Fayette County Leader from Fayette, Iowa on May 31, 1962 · Page 2
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May 31, 1962

Fayette County Leader from Fayette, Iowa · Page 2

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Fayette, Iowa
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Thursday, May 31, 1962
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Page 2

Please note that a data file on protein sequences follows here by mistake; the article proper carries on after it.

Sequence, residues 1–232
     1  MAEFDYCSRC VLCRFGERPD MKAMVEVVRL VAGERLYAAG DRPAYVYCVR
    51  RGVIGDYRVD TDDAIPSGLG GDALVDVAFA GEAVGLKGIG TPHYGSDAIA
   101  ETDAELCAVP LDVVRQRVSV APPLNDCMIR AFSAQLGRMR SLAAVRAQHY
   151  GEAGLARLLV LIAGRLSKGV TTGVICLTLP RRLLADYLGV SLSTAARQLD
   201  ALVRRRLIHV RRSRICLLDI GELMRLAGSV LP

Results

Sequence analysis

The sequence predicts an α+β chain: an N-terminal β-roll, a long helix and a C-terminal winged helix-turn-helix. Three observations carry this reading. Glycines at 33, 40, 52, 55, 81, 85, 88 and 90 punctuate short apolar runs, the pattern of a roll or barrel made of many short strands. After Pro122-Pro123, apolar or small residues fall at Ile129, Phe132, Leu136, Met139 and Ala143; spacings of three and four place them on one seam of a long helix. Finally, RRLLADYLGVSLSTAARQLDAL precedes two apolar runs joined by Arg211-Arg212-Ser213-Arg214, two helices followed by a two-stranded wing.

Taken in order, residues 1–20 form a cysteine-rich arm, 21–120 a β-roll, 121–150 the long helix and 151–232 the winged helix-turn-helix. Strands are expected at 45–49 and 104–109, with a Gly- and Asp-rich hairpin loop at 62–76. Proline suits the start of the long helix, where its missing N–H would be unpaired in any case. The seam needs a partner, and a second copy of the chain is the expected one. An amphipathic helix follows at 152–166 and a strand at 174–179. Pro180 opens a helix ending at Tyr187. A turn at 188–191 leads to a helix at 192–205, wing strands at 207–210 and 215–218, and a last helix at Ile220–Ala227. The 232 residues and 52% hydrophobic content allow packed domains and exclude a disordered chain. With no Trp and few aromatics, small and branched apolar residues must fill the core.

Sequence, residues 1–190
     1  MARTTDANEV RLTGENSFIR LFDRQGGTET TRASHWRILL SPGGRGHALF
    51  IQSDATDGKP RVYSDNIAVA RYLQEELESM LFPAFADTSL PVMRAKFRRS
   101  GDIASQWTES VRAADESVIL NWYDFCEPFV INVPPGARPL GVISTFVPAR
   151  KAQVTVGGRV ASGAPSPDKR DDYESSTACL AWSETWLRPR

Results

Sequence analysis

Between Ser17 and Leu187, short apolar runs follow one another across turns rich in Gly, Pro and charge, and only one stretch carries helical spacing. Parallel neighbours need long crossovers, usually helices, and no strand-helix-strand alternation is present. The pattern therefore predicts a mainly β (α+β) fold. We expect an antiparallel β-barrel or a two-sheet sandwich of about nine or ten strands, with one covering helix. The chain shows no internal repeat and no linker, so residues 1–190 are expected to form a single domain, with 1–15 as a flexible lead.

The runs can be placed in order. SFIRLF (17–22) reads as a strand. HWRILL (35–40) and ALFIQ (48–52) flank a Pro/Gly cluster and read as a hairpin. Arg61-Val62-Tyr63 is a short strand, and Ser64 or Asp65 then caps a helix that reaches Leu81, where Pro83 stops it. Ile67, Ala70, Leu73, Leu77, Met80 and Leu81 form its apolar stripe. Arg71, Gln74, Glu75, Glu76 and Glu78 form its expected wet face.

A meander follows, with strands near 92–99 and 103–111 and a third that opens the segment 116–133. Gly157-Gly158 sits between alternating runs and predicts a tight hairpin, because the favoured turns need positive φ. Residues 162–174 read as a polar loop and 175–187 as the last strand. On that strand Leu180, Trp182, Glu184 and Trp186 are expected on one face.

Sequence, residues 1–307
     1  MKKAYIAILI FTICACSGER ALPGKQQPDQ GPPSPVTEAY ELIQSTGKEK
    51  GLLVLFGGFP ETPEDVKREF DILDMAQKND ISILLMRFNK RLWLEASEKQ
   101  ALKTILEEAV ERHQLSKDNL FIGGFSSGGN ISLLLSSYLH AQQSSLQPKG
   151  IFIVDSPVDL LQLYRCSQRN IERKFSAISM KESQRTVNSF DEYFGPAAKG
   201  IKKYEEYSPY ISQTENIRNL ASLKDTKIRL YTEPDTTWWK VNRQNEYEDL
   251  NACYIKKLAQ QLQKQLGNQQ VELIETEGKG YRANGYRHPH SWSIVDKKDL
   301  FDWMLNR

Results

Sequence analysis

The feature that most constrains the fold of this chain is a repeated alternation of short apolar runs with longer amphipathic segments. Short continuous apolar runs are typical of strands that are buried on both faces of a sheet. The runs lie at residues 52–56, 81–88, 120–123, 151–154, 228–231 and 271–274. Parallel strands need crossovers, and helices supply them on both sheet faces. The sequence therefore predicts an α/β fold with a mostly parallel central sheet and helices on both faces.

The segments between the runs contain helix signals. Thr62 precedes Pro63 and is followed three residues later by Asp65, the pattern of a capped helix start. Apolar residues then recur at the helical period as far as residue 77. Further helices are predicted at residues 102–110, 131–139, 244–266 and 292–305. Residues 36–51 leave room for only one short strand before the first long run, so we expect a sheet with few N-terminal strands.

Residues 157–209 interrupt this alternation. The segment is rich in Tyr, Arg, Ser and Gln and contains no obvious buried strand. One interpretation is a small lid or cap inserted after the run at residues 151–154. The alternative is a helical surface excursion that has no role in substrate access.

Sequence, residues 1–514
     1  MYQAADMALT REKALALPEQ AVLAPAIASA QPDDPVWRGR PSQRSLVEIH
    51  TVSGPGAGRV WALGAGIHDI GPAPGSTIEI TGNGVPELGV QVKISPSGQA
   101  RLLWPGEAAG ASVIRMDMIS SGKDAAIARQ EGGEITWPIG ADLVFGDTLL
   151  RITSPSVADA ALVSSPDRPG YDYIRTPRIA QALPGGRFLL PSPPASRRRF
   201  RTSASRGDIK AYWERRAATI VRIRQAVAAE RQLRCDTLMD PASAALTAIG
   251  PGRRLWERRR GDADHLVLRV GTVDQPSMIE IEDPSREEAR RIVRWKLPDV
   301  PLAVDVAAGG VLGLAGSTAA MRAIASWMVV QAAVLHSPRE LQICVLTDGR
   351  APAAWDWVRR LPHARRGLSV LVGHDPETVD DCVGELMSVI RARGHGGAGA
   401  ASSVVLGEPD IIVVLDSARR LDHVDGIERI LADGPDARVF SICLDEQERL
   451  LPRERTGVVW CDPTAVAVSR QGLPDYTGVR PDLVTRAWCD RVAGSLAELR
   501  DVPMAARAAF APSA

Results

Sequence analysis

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My Neighbors Established In 1914 XZ7 NATIONAL EDITORIAL T~S~Z— - - ~ - Subscription Rates In Fayette and Adjoining Counties Outside layette and Adjoining Counties $3.00 Per Year $3.50 Per Year« The Leader Is published weekly in Fayette, Iowa, and distributed on Thursday morning. Entered at the Post Office at Fayette, Iowa as second class matter, under the Act of March 3, 1879. Maurice SJonoman, Owner and Publisher Chattin 1 Creek Bottom. Comments With Stoney "1 wish I knew what to get for Gus." Editorial Comments - The Friendly Government Doctor? The King Anderson bill on hospital and medical aid for the aged smacks of socialism and if passed will be a stepping stone on the way to a communistic government. And we feel that the majority of the elderly people are not in favor of it. Think ahead a few short years, when you will fit into this age group. Do you want the government telling you what doctor or clinic you must go to for relief of your aches and pains? What if you don't like that doctor? Will you have faith in him just because the president or some other top brass says he's a good doctor? In many cases, faith in the family doctor can mean the difference between an early recovery and a lingering illness. All of us as we grow older become more set in our ways. If we have faith in a doctor, even the aspirin he gives us seems to have more effect than it would if given by a total stranger. Some people lose faith in a doctor and switch to another who might possibly make a different diagnosis of the illness and bring relief. With social medicine this wouldn't be possible. If the government M. D. is wrong in his observations, eventually you will be listed as another of his mistakes . . on boot hill. And as for the elderly being able to pay their medical and hospital bills, most of them have laid aside a iittle money and are also drawing social security. In a crisis, relatives, friends, the county or the state helps out. , It would probably be amazing to ,-.11 of us to know how many bills the general practitioners write off each year because the patients had no funds and were absolutely unable to pay. Yet the doctors, who stand this loss, prefer to keep it that way rather than to allow the aged to come more under the rule of the government possibly those who can alTord to pay help to make up some of this deficit, but we haven't heard too much complaining there, either. We can think of many things to better occupy the president's mind. Unemployment, for instance. With automation on the increase, and small farmers on the decrease, more people are going to be in need of jobs . . . and where will they find them? And still we throw our doors open wide to people from foreign countries who wish to make their home here. More unemployment. Let's take care of those people who CAN take care of themselves if given the opportunity to work. We might feel sorry for 100 people in another part ol town . . . hut we aren't going to invite them to set up permanent residence in our home. Homemakers Dateline by Dorothye E. Busching Fayette County HOME ECONOMIST for storing these tools and a plan for everyone's cooperation in using them will make the outdoor cooking more fun for everyone. The time spent planning a place for keeping this equipment will save much more time in weeks to come looking for the misplaced or lost item! D-E-B Until June, the month of brides, graduations, haymaking, and fresh foods from the garden . . that's all! IT PAYS TO ADVERTISE WITH LEADER WANT ADS The number of youngsters in Fayette who seem to locate trouble without too much difficulty stems to IK> considerably less than in nvmy communities that we know of. But the number is increasing. No major crimes have been committed, and perhaps they never will be. but by leaving minor items go unnoticed the way is paved to more serious problems. And with more than 800 students from all over the nation added to our own group of local youngsters, problems are bound to arise. Perhaps this newspaper has been neglecting its duty as a public servant by not publishing the local court cases and the names of those involved Since the first of the year we have been publishing the court cases from the court house in West Union, and beginning with the first issue in June we will publish the cases from Mayor's court and the Justice of the Peace court of Lysle Wooldridge. In publishing these" court cases, everyone will be treated alike. That is, if your name or ours appears on the court docket, it will also appear- in the paper. The court dockets are open for public inspection, and there will he no favor;: granted in leaving a name out. In publishing these cases we are not picking on any one person or group. That is the reason we are advising our readers in advance, so the stories will not come as a shock. And the best way to keep one's name out of this story is to not get involved in trouble. — •— The following few lines were handed to us by Bill Dilley, and should make every employer realize that he is not the only one who has problems: As everyone knows, a store manager has practically nothing to do — that is, nothing to do except: to decide what is to be done; to tell somebody to do it: to listen to reasons why it should not be done; or why it should be clone by somebody else; or why it should be done in a different way; to follow up to see if the thing has been done; to follow up a second time; to discover that it has been done, but done incorrectly; to conclude that as long as it has been done, it may as well l>e left as it is; to consider how much simpler and better it would have been if he. had done it himself in the first place but to realize that such an idea would strike at the very Men's work pants containing synthetic fibers may be the best buy in the long run, even though they cost more than familiar all- cotton work pants. Recent tests conducted show that pants containing synthetic actually give more days of wear for every dollar invested than did all cotton pants. The fabric blend of Dacron ployest- er and rayon wore the longest, with nylon reinforced cotton pants next and all cotton pants the least durable. D-E-B Do your home improvement plans for summer call for improving the kitchen storage situation, building a home workshop, or building a room divider between the kitchen and dining area? Whatever your plans might be, the book "Home Improvement Plans' available for $1.00 from the Ex tension Office, Fayette, contains detailed drawings and directions for the carpenter or do-it-yourself fan. It is a good book to have on hand when the time for some changes in your home arrives. D-E-B Even though parents may doubt it at times, a child takes his parents' praise and scoldings pretty much to heart. But, because a child's experiences are so limited he is apt to misinterpret the reason you must discipline him at times. It is pretty easy for him to think ' of punishment as a sign that he is losing your love. That's why it is so important when he mis behaves, that you make it clear that you disapprove of what he did and not of him. Don't use the th'reat of not loving him to pun ish! D-E-B In George Washington's day bread-making was a. full time pro ject for the home-makers. Old- time recipes called for starting the bread one day, allowing it to rise overnight and finishing it the next day. Yeast by no means certain to give perfect results and the capricious ways of wood stoves provided another element of surprise. Today tested recipes, foolproof yeast and regulated ovens help make yeast-baking a joy for brides and grandmothers alike. Makes one wonder what tomorrow will bring! o-e-B • • Are the young men and fathers in your home as clothes conscious as sisters and mothers? The "slim look" predominates in younjr'men's fashions today from, shoes to trousers, toy ties and the natural look in jacket shoulder^, Spring and summer' men's •/ashions.are featuring more colors and plaids than ever before, Coordinating the right elements of the. wardrobe (or good overall appearance is sometimes a problem for these "men". We must help them realize that smart dressing is not "sissy stuff". D-E-B Pima cotton is finding its way into sheets. One hundred percent of this fine long staple cotton is used in some luxury quality 200 count sheets. In popular priced combed percale sheets, pima cotton is used in smaller percentages. The actual percent of pima cotton used will be stated on the package. D-E-B As the season for outdoor living and cooking get into full swing, it is time to stop and take inventory of the tools and equipment you will be using. Having a system Vote For William H. "Bill" KEG Repubican For Fayette County SUPERVISOR Term Beginning Jan. 1,1964 EXPERIENCE ... At Your SERVICE 4*1 Odney Oelberg.A County Recorder Walter L. Saur County Attorney [ Doris Springer County Treasurer IHniiiHHUlUHHnHUiUfSIJUiHUUUHu7iUHi3£HHtiniIHIUHiIlUUUiimitUliiUlUlHiS The Voter* Of Fayette C^^For^our^U^Siii^ In The Though We Are^iaop^^ Y $F Vote Of Contioin^^ MONDAY, JUNE W "Iff? Al)out 3 million travelers visit Boulder ( or Hoover ) Dam yearly. In hottest summer, part of the parking area is a hundred-in- theshade, and no shade. A considerable number of pets, mostly dogs and cats, have died in the hake oven heat with in parked cars. The SPCA has raised quite a fuss, and demanded that something be done. There is now quite a hassle going on, in the department, whether to build a $5,000 plain dog house, or a $20,000 air-conditioned house. So far, nobody has even considered buying some posts, poultry netting, a hand gate or two, and building a pen under the nearest shade, then pipe some water into it. And that is America, nowadays. c-b-c Whens Christopher Columbus started out. he didn't know where he was going. When he finally got back home, he didn't know where he had been. And he made the entire round trip on borrowed money. Boy oh boy, could the the Kennedy Administration use him in Washington, these days, c-b-c Next Monday is Primary Election day in Iowa, once again. This small homely man takes some pride in the fact he has never — By Reuben missed a Primary Election, since voting our first Republican primary ballot, the first Monday of June. 1922. We also take personal pride in the fact that we have never yet voted a "straight ticket" in November. We still maintain that any fair to middling animal trainer could readily teach a chimpanzee to mark the same circle on a ballot each and every time. The fundamental purpose of the Primary Election was to get nominations away from the "steamroller" tactics of political-party conventions, and put nomination in the hands of the people. That purpose is badly mained by public apathy, too many primary election days. The fewer who attend the election, the easier for n "machine" or clique to control, in effect, by getting their block of voters out to vote. The hard simple truth is, there is mighty little wrong with county, state, or federal government today, that is not. in the true analysis, the fault of the people. And the people who didn't bother to vote, most of all. So let us be out next Monday, rain or shine, corn cultivating weather or not. It is NOT just a privilege, it is an obligation of citizenship. Let us NOT forget that. third. The contest was open to staff members of the Fayette high school paper. —•— 30 Years Ago — 27 seniors graduated from the Fayc tie high school this year. Firty relatives and friends gathered at the home of Mrs. R. J. Kuhius to celebrate her B9th birthday. A discussion of the problem of hospitalization of world war veterans was one of the features at the Fayette county Medical Society recently. The first real storm of the spring season struck Postville and vicinity this week. Railroad tracks were washed out. McGregor reported three feet of water on Main street. Deaths — Mrs. Frank Gill, Mrs. Amelia Van Demark; H. R. Palmer. The farmers in Fayette county are faced with a hay shortage clue to the early spring killing of many clover and alfalfa. A number of farmers ordering small amounts of Hybrid seed corn to try out this year in comparison with their own varieties. The orders have ranged from one-half bushel to a bushel. Alfred Ash has been selected to teach in the Corn Hill school next year. 40 Years Ago Do You Recall ::H::i::!:3 20 - 30 - 40 Years Ago! 20 Years Ago — Noel Richard Bacon spoke at the Randalia gym, about his experiences in Red Cross work. He is a member of the American Volunteer Flying Tigers. The 1042 A. C. P. corn payment on corn is set at 5.5 cents per bushel and the 1942 corn parity payment is 11.1 cents per bushel. A report from the highway pat- foundation of the belief of all employees that a store manager has nothing to do. rol stated that of 1,314 passenger cars checked during a three day survey in central Iowa showed that 52.9 per cent were driving 40 miles per hour or less; 34.G per cent 40 to 50 miles per hour; and 12.5 were traveling 50 miles an hour or faster. Deaths — Jackie Simpson, Maynard. Mrs. R. J, Kuhnes celebrated her 99th birthday on May 9, with open house. Audrey Davis won the Poppy editorial contest. Shirely Bailey placed second and Velma Whitley Work has begun on the new residence of Mr. and Mrs. C. S. Tireman, across the street from the gym. George Bronn is now the mayor and J. W. Burget Town clerk. Twenty-three high school seniors will graduate this year. This past year Corn Hill school students sold lead pencils and pur- shased three large framed pictures, one of president Harding, Theodore Roosevelt and George Washington. The Fayette Ministeral association will hold a meeting in the Congregational church in Fayette, Monday. U. I. U. defeated Oelwein last Monday 10-2. Coach Dorman's team were hard hitters. Deaths — Mrs. Annis Grannis The senior class of Fayette held its picnic at Alpha. C. R. Carpenter has a new garage. SELL YOUR DON'T WANTS WITH LEADER WANT ADS MODEL DR421 20.2 Net cu. ft. capacity guard rails stores packaged foods. Select your meal at a glance. • 4 Double-Grid Freezing Shelves plus 1 glide-out. • "Pop-Out" Dispenser Rack holds 16 frozen juice cans. "Moist Cold" REFRIGERATOR 10.3 Net cu. ft. capacity • No-Defrosting Ever—no pans to empty. • 5 Full Width Shelves (4 glide- out) for easy-to-reach storage. • Full Width Crisper keeps more fruits and vegetables garden fresh. • "Pantry Door" puts 36 eggs, butter, tall bottles and jars at your finger-tips. ONLY $367 9 cu. Ft. lieu. Ft. OTHER EXCITING MODELS TOO* $107. ex. $167. ex. 1SV 2 cu. Ft 13 cu. Ft. 2-Door EX, - $197.ex. — $207.ex. FREEZER, upright 15»/ 2 ft. 543 lb $177. ex . GENTLE TERMS OPEN Till 9 Monday thru Friday Refri^tion andW Service . Phone Us . I HAYEKS • • . ^nglowa Homemakera Has Been a.Family lKADrnON For Over Sixtv Year* • Wallpaper . Paint